the undifferentiated tissue in which active cell division takes place. Found in the root tips, buds, cambium, cork cambium, and latent buds.
The middle layers of a leaf where most photosynthesis takes place. Composed primarily of palisade and spongy parenchyma cells.
microbial extracts [mahy-kroh-bee-l ik-strakts]
substances derived from microorganisms. May be used to control certain pests and to help trees better absorb nutrients.
trunk injection technique using a small-diameter trunk penetration to introduce pesticides, antibiotics, nutrients or fungicides directly into the xylem. Contrast with implant, macroinfusion, and macroinjection.
essential element that is required by plants in small quantities, including iron (Fe), manganese (Mn), zinc (Zn), copper (Cu), boron (B), chlorine (Cl), molybdenum (Mo)and nickel (Ni). Contrast with macronutrient.
the space between soil particles, important to the activity of microbes, that is relatively small and likely to be water filled. Contrast with macropore.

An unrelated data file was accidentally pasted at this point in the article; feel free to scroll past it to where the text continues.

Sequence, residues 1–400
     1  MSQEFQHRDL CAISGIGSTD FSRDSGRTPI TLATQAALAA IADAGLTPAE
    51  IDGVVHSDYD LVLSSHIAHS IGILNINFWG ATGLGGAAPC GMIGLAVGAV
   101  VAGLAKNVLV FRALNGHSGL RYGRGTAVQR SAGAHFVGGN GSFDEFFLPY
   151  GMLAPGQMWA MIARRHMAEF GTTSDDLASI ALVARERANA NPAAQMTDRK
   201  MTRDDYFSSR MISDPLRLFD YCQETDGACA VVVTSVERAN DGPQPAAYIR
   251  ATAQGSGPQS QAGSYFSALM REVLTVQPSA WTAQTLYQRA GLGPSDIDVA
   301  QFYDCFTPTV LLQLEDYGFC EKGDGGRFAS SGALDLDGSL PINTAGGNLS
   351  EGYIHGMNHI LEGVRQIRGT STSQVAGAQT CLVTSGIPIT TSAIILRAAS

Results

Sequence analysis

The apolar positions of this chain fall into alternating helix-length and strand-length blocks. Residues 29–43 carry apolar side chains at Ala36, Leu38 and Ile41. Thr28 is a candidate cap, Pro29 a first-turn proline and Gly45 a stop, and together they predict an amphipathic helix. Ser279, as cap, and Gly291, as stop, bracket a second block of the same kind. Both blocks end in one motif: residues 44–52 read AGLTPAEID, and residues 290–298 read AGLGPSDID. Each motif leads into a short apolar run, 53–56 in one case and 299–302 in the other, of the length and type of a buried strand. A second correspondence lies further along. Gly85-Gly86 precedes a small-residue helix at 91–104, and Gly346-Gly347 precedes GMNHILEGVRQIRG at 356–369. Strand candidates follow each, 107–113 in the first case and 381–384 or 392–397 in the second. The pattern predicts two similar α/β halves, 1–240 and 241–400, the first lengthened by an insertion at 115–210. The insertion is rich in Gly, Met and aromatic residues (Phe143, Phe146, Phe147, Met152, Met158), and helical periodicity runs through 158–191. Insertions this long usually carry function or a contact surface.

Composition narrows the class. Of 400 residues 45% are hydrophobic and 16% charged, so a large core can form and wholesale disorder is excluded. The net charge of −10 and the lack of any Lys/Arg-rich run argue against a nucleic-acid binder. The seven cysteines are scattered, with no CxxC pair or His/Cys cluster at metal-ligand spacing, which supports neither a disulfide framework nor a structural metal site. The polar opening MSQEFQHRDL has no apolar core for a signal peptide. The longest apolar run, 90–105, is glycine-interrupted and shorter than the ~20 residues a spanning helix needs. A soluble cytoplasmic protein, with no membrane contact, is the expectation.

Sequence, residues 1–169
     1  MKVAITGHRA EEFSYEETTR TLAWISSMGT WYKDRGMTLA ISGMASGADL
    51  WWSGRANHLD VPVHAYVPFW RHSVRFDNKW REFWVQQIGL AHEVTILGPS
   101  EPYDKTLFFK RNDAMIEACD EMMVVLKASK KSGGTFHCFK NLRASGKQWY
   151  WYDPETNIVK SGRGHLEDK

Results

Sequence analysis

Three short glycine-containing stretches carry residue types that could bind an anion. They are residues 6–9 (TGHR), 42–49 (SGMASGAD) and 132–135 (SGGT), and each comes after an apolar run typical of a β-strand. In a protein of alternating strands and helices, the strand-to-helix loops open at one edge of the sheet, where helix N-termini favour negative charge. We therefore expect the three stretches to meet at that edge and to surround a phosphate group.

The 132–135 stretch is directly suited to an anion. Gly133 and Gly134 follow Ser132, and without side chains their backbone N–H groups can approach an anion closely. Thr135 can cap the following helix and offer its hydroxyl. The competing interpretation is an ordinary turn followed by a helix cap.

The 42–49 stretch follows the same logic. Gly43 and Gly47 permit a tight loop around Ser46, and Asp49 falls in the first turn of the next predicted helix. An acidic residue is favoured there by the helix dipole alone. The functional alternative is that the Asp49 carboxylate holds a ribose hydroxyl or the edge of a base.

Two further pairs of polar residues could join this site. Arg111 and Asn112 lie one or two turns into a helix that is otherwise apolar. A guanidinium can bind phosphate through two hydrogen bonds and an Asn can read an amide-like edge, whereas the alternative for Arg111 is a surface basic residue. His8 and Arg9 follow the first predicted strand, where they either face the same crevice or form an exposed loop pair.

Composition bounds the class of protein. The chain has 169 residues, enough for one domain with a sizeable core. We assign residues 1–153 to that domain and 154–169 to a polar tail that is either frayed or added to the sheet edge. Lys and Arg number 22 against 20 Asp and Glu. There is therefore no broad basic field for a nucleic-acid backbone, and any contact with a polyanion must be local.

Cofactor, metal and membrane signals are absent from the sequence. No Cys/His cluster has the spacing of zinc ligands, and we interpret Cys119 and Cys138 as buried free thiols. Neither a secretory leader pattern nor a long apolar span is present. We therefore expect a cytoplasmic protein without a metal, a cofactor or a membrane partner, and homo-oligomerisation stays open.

naturally occurring, inorganic solid that has a definite chemical composition and possesses characteristic physical properties. Certain minerals are considered essential elements for tree growth and development.
minimum irrigation [min-uh-muhm ir-i-gey-shuhn]]
practice of minimizing irrigation needs through the use of drought-tolerant plants and watering only when necessary. See xeriscape.
small, often minute, arthropods in the order Acarina of the class Arachnida that may feed on plants, other mites, or small insects.
monocotyledon (monocot) [mon-uh-kot-l-eed-n; mon-uh-kot]
Any of a class of angiosperm plants having a single cotyledon inthe seed. Monocotyledons have leaves with parallel veins, flower parts in multiples of three, and fibrous root systems. Grasses, lilies, irises and orchids are monocotyledons. See dicotyledon.
species with male and female flowers borne on the same plant. Contrast with dioecious.
the study of the form and structure of plants and other living organisms. Contrast with anatomy, physiology, and taxonomy.
mortality spiral [mawr-tal-i-tee spahy-ruhl]